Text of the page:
By Chris Keenan

Back in 1998, I was invited to consult for a fantastic, young company based in Cambridge (UK).  As you probably know, Cambridge is famous for some extraordinary scientists, such as Isaac Newton and the late Stephen Hawking.  This young company was no exception to the fantastic scientific achievements that had gone before it.  The company’s invention was so leading edge, that we first got a glimpse of the Tech in the James Bond movie ‘Die Another Day’ as the invisible car.  We also saw the technology appearing as a futuristic monitor in the sci-fi movie Minority Report.

If you’ve not guessed it already, the invention is called ‘light emitting polymer’ and the company is called Cambridge Display Technology (CDT). So, what’s the big deal?  Well apart from invisible cars, you can have wall paper that changes its pattern on request, to anything.  It can even make wallpaper into a TV set.  That’s not all, the invention doesn’t just make excellent monitors, it also makes excellent computers.  In essence it means your computer and monitor can become the same thing (a bit like an iPad or computer tablet), with one big difference: your computer and monitor can be as thin, as a sheet of paper!

Lord Young of Graffham, first bought into the company for a rumored $100K, then helped to raise a £6.6m investment to help get the Tech patented.  CDT was originally a spin-off company from Cambridge University, so that kind of money seemed amazing, however that was just the tip of the chocolate bar.  Today the company is on the NASDAQ and worth $100’s of millions. LG display (shown in the above video) have invested heavily into CDT and so have a multitude of other big names.  Sounds amazing so far, right?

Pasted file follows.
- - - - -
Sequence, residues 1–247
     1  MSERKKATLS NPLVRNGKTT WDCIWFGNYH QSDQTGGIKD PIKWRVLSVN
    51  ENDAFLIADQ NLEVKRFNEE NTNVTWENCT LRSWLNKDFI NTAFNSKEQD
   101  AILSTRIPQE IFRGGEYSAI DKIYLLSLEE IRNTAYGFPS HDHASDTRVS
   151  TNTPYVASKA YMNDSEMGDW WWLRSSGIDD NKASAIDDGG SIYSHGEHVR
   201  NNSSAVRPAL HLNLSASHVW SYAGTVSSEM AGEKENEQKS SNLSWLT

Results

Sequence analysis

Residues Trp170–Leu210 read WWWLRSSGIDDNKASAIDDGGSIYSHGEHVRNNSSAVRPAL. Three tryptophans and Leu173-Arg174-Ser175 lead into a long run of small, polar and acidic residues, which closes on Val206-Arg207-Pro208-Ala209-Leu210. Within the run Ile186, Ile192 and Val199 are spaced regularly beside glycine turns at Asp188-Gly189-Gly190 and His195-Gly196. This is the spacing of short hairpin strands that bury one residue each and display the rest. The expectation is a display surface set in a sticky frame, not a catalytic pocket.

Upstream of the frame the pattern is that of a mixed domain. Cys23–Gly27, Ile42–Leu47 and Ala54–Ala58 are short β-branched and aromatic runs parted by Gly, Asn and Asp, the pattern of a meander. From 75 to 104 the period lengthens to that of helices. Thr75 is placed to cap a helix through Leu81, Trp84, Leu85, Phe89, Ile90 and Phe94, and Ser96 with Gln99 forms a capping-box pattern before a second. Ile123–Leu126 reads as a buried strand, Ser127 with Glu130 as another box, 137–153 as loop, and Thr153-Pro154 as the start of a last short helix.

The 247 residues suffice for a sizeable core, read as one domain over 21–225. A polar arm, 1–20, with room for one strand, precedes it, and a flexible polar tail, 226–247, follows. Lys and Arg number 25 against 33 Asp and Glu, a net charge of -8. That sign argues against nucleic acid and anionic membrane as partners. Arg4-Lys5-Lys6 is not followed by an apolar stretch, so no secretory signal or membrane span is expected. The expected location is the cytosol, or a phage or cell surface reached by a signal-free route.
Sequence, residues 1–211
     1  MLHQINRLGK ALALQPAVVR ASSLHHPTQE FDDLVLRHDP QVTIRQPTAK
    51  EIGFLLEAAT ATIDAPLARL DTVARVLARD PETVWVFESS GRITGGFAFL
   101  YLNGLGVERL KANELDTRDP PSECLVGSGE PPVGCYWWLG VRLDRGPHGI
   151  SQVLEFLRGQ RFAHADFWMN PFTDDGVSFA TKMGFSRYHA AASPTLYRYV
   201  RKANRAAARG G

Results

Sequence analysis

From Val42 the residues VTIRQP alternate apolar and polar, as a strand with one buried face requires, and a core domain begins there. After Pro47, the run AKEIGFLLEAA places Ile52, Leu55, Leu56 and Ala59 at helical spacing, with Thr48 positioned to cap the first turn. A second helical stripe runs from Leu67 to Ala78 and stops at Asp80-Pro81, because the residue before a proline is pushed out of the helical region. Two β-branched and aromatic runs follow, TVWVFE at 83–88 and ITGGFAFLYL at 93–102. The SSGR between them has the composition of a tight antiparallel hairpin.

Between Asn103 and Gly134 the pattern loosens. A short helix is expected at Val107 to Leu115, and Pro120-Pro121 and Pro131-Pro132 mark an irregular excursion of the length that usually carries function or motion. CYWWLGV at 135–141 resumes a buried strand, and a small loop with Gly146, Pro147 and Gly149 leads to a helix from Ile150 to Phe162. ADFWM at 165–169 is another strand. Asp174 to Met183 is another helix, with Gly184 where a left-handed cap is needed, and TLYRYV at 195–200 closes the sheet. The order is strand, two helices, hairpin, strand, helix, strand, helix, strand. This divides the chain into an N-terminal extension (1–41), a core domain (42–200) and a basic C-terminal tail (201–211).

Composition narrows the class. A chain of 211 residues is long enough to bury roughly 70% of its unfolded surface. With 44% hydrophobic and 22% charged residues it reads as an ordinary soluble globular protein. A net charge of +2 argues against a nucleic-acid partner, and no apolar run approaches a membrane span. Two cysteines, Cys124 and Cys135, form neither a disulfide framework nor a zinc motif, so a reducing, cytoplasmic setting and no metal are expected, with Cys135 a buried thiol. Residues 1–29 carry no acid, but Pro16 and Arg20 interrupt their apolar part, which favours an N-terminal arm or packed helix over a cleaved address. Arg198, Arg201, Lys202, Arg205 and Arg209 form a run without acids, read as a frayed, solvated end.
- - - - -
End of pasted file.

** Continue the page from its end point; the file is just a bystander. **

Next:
At this point you should have two questions on your mind: 1. If this company has been about since the 1990’s, then why don’t we already have paper-thin all-in-one computers already?  2. How would you power such a thing? I mean it’s a great idea but we’ve all seen the batteries needed for an iPad, wouldn’t this invention be restricted by its need for electricity?  Let me answer the second question first, it turns out those mad boffins in Cambridge have also developed energy harvesting and storage systems that make the technical schematics for the latest smartphone look like cave paintings.  Ok, so where are our flat computers?  Good question! It turns out that technology this advanced usually takes about 40 years before it’s perfected enough to hit the civilian population.  That puts us in the 2030’s before we can expect TV wallpaper. Better not start a line just yet.

One thing is for sure, when CDT’s inspired new hardware hits the streets, it will destroy the computer e-waste problem overnight!  That said, by the time we see flat computers, we’ll probably have a new e-waste industry recycling electric cars.  The bottom line is, whether it’s today or some time in the future, we’ve got some great stuff to look forward too.